Making sense and making use of Altmetrics in research evaluation
>> See video of presentation (35 min.)
Monitoring and measuring the success of published research has long been a problematic area for institutions, funders and publishers. Recent government reviews, such as the Research Excellence Framework in the UK, have placed increasing demands on authors to provide substantial evidence of the academic and wider impact of their work. Over reliance on indices such as the Impact Factor has led to questionable tactics – with researchers seemingly choosing to submit work produced in the format that is most likely to have accrued impact demonstrated in the form of citations (i.e. published articles). But what about other outputs, and the other attention the work has received, and its application in real-world practices?
Altmetrics, or alternative metrics, have evolved in the last few years as an alternative to only using the Impact Factor, and offer a much richer picture of how a piece of research has been received. Instead of only looking at how the work is received within academia (most often via a citation count) altmetrics track the sharing and discussion of research in a much wider range of online sources – including global traditional and social media, post-publication peer-review forums, and public policy documents.
A focus on the qualitative data rather than the quantitative enables a better understanding of where and why the work is being discussed and potentially put into practice. It also offers a chance to focus on an individual article instead of making an assumption based on the perceived quality of the journal it is published in – a key pain point for those involved in research evaluation.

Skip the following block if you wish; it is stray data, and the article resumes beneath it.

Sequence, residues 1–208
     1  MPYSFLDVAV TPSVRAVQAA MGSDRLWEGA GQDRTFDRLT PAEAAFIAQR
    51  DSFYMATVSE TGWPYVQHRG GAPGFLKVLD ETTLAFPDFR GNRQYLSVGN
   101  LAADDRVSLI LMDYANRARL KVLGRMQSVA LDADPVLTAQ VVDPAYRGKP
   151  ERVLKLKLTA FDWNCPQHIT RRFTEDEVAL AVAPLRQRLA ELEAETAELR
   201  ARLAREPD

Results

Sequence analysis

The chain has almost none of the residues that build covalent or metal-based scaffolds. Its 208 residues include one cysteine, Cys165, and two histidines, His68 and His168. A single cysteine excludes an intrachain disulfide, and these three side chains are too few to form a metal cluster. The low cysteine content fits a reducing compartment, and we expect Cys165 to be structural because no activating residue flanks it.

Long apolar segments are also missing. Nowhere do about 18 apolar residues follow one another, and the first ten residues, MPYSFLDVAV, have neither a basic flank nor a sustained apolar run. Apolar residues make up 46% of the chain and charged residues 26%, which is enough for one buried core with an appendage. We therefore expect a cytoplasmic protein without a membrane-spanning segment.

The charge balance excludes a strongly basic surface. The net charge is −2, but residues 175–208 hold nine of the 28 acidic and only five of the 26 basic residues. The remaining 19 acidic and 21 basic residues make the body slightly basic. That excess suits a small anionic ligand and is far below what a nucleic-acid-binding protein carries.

A relatively new field, there is still much work to be done into what, why, and how the attention surrounding a paper should (or should not) be measured. There is already a justified concern that they will simply become another number by which a researcher can be judged, and a danger that they will be used to indicate quality where in reality they can offer nothing of the sort.
What they do provide, however, is a valuable insight into the wider reception of research, and in a much more immediate way than citation counts alone are able to give. New tools are being developed at a rapid pace to enable institutions and funders to more easily track where the research their authors publish is being picked up – to help identify success stories and to further validate their knowledge of their audiences.
We will give a brief overview of the progress within the field of altmetrics to date, including tangible use cases amongst academics and institutional managers, and explore how by pulling together academic impact (the more traditional bibliometrics) and the wider societal impact (altmetrics) it is possible to benefit from delving deeper into the context and engagement surrounding research.
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